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BREAKING NEWS: UN Demands Urgent Action Against Increasing Attacks On Albinos in Malawi and East Africa

By: Lucky Ngwira via Malawi24

The UN High Commissioner for Human Rights Zeid Ra’ad Al Hussein has expressed dismay at a recent surge in violent attacks against people with albinism in several East African countries and Malawi.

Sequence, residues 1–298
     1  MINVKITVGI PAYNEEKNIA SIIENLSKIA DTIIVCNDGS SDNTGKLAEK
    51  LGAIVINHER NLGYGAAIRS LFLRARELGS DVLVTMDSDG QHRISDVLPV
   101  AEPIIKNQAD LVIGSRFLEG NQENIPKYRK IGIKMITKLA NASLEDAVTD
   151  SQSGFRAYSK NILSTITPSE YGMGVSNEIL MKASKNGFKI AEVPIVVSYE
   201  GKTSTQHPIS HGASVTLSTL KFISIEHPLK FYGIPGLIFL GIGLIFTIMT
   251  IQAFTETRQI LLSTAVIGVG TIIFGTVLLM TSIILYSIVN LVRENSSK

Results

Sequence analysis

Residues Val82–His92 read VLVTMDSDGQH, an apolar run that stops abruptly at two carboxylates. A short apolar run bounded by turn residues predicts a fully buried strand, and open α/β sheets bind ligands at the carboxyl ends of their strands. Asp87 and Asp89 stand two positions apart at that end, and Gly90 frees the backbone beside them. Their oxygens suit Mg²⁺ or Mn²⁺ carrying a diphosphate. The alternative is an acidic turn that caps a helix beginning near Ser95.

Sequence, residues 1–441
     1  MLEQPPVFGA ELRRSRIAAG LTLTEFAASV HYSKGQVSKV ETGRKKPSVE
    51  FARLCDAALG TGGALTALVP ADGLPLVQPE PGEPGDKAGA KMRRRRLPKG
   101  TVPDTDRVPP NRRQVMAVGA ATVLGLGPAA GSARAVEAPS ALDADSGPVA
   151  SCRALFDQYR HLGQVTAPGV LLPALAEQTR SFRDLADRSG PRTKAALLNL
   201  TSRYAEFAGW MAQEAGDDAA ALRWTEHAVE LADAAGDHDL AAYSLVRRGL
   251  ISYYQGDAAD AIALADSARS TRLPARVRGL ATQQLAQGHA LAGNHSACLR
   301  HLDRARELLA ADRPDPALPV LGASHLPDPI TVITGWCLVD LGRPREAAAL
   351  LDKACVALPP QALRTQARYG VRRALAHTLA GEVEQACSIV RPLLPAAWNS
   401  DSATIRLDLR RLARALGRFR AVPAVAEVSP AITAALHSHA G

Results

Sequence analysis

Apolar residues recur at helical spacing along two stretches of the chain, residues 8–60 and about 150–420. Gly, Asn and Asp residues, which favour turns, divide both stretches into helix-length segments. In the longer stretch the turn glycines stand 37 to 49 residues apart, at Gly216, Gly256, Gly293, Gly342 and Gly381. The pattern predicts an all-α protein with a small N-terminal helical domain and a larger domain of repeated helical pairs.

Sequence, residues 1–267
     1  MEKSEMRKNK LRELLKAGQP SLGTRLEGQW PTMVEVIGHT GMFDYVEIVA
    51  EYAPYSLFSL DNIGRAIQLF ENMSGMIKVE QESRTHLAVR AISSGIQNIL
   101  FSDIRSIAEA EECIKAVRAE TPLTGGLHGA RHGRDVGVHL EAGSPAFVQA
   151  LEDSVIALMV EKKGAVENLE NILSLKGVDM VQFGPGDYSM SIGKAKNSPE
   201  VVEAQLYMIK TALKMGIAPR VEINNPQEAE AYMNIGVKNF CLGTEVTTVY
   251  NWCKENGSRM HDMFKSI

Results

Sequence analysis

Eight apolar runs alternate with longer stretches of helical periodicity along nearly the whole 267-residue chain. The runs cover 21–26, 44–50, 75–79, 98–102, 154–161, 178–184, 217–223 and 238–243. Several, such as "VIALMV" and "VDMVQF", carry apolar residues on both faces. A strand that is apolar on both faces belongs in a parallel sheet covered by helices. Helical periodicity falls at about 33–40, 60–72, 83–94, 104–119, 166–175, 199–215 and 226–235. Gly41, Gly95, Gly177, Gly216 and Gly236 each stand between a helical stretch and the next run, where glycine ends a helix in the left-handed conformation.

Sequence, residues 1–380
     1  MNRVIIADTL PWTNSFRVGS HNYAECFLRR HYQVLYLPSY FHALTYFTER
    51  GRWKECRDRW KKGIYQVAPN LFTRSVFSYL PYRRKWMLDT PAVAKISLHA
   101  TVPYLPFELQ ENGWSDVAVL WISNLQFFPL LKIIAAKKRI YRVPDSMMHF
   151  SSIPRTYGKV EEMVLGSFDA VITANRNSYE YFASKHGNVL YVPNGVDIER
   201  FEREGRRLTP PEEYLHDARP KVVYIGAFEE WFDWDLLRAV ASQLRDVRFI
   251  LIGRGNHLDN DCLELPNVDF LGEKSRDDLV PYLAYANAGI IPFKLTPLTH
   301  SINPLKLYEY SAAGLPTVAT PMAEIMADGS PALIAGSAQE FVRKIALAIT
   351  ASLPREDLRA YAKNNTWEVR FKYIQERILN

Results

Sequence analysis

In a statement Zeid has called on authorities in all countries where they are occurring to prevent attacks on people with albinism, bring to justice alleged perpetrators and ensure that redress and rehabilitation for survivors and their families are made a priority. In the past six months, at least 15 people with albinism in Tanzania, Malawi and Burundi were abducted, wounded, killed or subjected to attempted kidnappings, including three such incidents in the past week alone. “These attacks are often stunningly vicious, with children in particular being targeted. As a result, many people with albinism are living in abject fear. Some no longer dare to go outside, and children with albinism have stopped attending school because of the recent spate of assaults, murders and kidnappings,” Zeid says. In Malawi alone, at least six incidents have been reported in the first ten weeks of this year, compared to four incidents recorded over the previous two years. In Machinga District, in the south of the country, where several kidnappings and killings have taken place, groups of men are reported to be roaming around hunting for people with albinism. During the night of 3-4 March, a 14-year-old girl was abducted by two men from Kalombo village, in Machinga District, but managed to escape.The following night, a two-year-old boy called Chakupatsa Stanely was reportedly kidnapped in another village in Machinga called Murukhu. After the boy’s mother screamed for help one kidnapper was caught, but the other two escaped, possibly across the border into Mozambique and the child has now been reunited with his family. Four other attacks targeting people with albinism have been documented in Malawi since the beginning of the year. During the night of 21-22 January, Ida Thomas, a nine-year-old girl with albinism from Chalela Village in Chikhwawa district, was kidnapped while asleep at her aunt’s house. She has not been found, but is believed to have been killed as her bedding was found covered with blood outside the house. On 18 January, Malita Makolija, a 68-year-old woman with albinism from Masali village in Zomba District, went missing. The following day, her dismembered body was found near her home, buried next to an ant-hill, minus arms, legs and head. On 16 January, two-year-old Ibrah Pillo was kidnapped from her home in Matindira, another village in Machinga District. She has not been seen since. On 5 January, 11-year-old Mina Jeffrey was kidnapped during the night by three men, including an uncle, in Saiti village, also in Machinga, but managed to escape. Her uncle reportedly later said he had been promised the equivalent of USD 6,500 for her body. He appeared in court on 28 January in Liwonde, but the case was adjourned. The statement also says the situation has also been worsening in Tanzania saying for example last Saturday (7 March), a six-year-old boy, Baraka Cosmas Rusambo, was attacked in his home in Kiseta village, in Sumbawanga district. According to the statement, the attackers fled with his right hand after cutting it off with a machete. Baraka and his mother, who suffered serious head injuries, are both in hospital. The police have moved Baraka’s two siblings, who also have albinism, to a safer place and have arrested seven suspects, including Baraka’s father. “Since January, two other incidents have been reported, including the attempted kidnapping of a four-year-old boy, and the atrocious killing of a one-year-old baby, Yohana Bahati, who was kidnapped from his home on 17 February and later killed, with his arms and legs hacked off,” Zeid says.

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